Finally, in the context of corporate governance, Disclosure Guidance and Transparency Rule DTR 7.2.8AR, is also to be amended by the FCA following the publication of PS 22/3. The diversity reporting requirements in corporate governance statements are to be expanded to incorporate a broader range of diversity characteristics into existing board diversity policy disclosures (e.g. to include sexual orientation, socio-economic background and disability). Thereafter, it is proposed that the general diversity policy disclosure requirement is extended to other key board committees such as audit, remuneration and nominations.

Who will these measures apply to?

The additional reporting requirements contained in the new listing rules will apply to UK and overseas issuers with equity shares, or certificates representing equity shares, admitted to the premium or standard segment of the FCA's Official List.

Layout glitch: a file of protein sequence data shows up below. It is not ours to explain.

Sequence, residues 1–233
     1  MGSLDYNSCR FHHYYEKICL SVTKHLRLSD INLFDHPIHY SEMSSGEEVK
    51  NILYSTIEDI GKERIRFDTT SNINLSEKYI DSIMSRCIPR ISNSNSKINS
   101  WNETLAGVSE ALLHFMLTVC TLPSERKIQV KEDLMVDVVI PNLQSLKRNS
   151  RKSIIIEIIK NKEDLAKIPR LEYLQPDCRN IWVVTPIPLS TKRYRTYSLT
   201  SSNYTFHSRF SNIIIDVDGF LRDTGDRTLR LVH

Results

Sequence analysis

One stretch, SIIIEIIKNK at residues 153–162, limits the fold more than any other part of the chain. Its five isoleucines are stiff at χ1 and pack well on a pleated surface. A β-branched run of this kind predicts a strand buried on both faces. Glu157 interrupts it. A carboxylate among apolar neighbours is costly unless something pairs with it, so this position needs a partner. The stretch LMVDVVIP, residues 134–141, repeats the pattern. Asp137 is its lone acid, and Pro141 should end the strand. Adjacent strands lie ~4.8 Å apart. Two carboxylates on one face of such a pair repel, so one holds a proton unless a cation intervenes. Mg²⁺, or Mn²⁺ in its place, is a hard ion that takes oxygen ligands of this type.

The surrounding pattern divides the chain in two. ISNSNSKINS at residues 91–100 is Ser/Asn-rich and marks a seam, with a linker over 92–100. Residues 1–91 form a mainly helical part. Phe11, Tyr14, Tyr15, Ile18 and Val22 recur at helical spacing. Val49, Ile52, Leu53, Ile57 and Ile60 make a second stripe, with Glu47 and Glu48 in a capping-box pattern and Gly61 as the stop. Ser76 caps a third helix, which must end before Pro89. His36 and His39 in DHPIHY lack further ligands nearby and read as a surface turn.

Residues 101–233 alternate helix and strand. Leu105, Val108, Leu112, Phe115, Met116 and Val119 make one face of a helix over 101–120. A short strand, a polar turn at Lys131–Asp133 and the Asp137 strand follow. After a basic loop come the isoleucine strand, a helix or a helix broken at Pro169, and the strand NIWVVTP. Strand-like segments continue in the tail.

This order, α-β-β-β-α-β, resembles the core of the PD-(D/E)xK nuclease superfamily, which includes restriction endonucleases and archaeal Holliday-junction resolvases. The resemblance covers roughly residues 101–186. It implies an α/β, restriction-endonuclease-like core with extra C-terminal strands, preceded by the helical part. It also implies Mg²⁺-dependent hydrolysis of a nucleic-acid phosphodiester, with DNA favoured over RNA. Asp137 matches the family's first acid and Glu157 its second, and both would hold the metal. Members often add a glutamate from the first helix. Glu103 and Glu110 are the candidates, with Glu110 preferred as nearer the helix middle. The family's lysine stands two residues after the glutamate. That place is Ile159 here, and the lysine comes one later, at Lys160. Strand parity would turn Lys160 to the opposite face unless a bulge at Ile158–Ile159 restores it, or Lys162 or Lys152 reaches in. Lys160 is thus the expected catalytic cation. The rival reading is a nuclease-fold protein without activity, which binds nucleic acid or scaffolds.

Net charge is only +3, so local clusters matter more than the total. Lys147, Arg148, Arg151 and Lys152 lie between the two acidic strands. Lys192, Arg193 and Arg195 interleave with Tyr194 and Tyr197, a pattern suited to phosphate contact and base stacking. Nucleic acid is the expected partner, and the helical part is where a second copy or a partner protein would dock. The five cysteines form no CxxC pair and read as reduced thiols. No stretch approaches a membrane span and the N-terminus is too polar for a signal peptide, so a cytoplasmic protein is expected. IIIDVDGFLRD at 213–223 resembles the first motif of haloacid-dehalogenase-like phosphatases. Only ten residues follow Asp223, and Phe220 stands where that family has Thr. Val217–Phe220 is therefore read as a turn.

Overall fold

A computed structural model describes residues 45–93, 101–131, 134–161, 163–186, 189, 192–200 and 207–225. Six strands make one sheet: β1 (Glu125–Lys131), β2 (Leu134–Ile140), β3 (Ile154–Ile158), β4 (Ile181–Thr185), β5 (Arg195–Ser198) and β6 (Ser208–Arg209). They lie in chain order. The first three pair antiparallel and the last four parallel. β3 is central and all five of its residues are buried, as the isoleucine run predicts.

Closed-ended investment funds and sovereign controlled companies will fall within the scope of this definition. However, it is important to note that due to their corporate form the following types of entity are out-with the scope of the new Listing Rules:

  • Open-ended investment companies;
  • "Shell companies" (defined as per LR 6.5AR); and
  • Issuers of listed debt and debt like securities, securitised derivatives or miscellaneous securities.

 The amendments to the corporate governance rules will apply to certain UK issuers admitted to UK regulated markets and, via the Listing Rules, also encompass certain overseas listed companies (subject to the existing exemption for small and medium companies (DTR 1B.1.7R)).